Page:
Thriving ‘Middle Light’ Reefs Found in Puerto Rico

Washington, D.C.–(ENEWSPF)–January 4, 2011. NOAA-funded scientists have found extensive and biologically diverse coral ecosystems occurring at depths between 100-500 feet within a 12 mile span off the southwestern coast of Puerto Rico. With the overall health of shallow coral reefs and the abundance of reef fish in Puerto Rico in decline, this finding brings hope that deeper fish stocks may help to replenish stocks on shallower reefs.

These mesophotic ecosystems — ‘meso’ for middle and ‘photic’ for light — are the deepest of the light-dependent coral reefs. Too deep for exploration with traditional scuba gear, these reefs have until recently remained largely unexplored because of the cost and technical difficulty of reaching them. Advances in diving techniques allowed scientists to safely dive and conduct this pioneering survey.

“We had no idea how extensive, vibrant, and diverse these mesophotic coral ecosystems are off La Parguera,” said Richard Appeldoorn, lead principal investigator at the University of Puerto Rico, Mayaguez.

“At mesophotic depths in Puerto Rico, scientists are seeing fish species that were once common inhabitants of shallow reefs such as groupers, snappers, and reef sharks,” said Kimberly Puglise with NOAA’s Center for Sponsored Coastal Ocean Research, which funded the study. “These reefs stand in stark contrast to declining shallow water reefs in the same area.”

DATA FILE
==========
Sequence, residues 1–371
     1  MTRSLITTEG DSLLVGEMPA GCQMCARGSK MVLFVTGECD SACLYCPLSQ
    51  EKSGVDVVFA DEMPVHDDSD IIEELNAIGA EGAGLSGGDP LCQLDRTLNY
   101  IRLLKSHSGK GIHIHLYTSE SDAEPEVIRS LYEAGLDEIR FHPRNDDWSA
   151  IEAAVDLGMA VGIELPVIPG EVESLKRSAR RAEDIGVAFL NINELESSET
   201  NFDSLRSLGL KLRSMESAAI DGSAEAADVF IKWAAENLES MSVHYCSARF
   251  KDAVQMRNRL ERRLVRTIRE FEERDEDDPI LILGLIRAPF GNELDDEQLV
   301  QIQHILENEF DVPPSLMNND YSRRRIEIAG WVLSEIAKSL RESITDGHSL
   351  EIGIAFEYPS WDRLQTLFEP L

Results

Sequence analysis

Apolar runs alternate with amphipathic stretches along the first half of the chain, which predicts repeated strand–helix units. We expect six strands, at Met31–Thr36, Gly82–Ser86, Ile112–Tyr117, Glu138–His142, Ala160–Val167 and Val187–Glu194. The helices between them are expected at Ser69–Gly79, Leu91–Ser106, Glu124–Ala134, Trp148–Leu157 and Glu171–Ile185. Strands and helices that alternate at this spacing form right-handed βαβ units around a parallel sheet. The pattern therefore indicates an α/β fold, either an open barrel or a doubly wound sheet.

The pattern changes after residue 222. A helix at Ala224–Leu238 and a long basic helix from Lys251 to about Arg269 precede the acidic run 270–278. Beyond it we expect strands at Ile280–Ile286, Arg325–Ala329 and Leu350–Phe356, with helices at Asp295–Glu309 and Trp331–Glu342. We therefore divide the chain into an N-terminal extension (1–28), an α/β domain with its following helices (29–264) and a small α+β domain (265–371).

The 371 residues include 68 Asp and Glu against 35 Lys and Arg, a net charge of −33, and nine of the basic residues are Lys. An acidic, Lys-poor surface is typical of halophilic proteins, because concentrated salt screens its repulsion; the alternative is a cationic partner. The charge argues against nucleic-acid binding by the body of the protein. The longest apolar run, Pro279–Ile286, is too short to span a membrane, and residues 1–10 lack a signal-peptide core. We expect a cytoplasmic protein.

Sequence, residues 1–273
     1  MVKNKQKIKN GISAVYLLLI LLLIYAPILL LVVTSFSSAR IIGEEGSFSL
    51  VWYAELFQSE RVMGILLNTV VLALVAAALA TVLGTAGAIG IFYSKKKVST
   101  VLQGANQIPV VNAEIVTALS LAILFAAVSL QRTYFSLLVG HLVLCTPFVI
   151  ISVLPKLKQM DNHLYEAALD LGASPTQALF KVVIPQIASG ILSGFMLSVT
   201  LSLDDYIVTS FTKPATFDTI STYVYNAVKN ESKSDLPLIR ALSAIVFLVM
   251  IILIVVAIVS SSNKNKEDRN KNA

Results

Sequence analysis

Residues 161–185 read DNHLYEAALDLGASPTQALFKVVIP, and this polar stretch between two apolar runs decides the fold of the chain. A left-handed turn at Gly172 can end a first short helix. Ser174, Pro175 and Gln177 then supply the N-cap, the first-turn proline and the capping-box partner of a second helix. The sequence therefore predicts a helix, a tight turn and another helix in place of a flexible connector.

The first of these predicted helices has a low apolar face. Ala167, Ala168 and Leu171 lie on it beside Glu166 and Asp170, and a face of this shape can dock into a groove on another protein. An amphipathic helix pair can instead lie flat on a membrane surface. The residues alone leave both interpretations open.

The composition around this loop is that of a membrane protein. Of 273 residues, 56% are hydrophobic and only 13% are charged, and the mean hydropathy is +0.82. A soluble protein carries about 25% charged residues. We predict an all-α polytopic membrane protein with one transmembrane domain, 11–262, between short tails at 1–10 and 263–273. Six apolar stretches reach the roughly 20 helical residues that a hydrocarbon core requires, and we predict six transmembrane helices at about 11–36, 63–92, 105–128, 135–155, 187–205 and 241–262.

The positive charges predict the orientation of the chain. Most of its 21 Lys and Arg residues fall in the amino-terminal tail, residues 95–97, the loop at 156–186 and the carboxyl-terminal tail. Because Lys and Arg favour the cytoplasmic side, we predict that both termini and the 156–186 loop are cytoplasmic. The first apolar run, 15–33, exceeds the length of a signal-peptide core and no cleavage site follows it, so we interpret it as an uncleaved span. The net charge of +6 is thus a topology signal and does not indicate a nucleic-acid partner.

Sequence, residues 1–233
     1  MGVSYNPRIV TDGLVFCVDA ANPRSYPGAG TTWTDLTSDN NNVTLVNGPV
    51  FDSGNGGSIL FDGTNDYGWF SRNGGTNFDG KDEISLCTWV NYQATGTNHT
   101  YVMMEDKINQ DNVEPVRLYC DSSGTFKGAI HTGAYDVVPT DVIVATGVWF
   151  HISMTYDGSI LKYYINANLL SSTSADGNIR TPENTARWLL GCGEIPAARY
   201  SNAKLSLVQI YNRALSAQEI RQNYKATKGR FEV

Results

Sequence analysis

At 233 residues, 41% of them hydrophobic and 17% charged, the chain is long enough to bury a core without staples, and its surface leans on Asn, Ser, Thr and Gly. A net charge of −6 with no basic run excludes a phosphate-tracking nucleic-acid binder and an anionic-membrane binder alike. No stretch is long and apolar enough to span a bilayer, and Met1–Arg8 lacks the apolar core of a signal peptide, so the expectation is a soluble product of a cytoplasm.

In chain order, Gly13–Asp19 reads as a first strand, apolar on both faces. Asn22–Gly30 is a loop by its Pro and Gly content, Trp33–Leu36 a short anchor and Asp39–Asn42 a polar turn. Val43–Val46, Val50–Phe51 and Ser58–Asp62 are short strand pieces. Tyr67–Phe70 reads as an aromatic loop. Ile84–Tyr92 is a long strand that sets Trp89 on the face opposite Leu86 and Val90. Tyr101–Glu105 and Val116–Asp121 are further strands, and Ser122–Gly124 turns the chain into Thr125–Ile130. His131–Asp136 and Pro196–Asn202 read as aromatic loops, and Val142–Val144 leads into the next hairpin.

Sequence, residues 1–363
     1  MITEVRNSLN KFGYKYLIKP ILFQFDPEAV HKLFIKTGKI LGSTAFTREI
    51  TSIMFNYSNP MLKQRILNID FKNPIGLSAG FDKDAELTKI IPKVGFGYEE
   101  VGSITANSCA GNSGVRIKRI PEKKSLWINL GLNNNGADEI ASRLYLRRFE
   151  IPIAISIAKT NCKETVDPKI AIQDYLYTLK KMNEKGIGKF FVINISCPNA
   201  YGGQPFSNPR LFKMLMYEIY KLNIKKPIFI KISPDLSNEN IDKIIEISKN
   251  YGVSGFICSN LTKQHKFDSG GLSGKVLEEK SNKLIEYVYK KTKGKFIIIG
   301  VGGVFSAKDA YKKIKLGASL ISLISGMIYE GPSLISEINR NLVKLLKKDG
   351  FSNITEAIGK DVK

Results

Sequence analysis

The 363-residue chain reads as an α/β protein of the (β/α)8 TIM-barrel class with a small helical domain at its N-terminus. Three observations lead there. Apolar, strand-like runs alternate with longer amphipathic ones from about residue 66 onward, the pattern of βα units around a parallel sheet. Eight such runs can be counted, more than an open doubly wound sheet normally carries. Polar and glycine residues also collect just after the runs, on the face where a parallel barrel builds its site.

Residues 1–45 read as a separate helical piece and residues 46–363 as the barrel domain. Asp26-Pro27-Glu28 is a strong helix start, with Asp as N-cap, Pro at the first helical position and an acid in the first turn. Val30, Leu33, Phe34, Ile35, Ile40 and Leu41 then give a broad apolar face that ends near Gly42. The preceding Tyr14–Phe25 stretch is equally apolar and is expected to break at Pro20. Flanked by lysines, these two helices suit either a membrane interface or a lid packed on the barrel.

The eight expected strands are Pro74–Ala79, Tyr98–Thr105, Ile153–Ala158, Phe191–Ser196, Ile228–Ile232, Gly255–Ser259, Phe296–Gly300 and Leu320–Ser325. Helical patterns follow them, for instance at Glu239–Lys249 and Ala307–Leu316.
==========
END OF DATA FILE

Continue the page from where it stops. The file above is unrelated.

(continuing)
Because of the potential of mesophotic reefs to restore depleted fish stocks, local managers are looking carefully at adding protections for these coral ecosystems.

“We recognize the need to extend protections to mesophotic coral ecosystems in Puerto Rico, and the information being provided by this research is key to making that happen,” said Ernesto Diaz, director of Puerto Rico’s Coastal Zone Management Program.

This study, conducted by a team of scientists and students from the University of Puerto Rico and the Caribbean Coral Reef Institute, in collaboration with the University of North Carolina Wilmington, is a companion to a similar mesophotic coral ecosystem research program in Hawaii where these mostly uncharted ecosystems exist in the Pacific.

More information on mesophotic coral ecosystems, as well as a NOAA-sponsored international workshop on mesophotic coral ecosystems, was published in the June 2010 edition of the journal Coral Reefs.

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Source: noaa.gov


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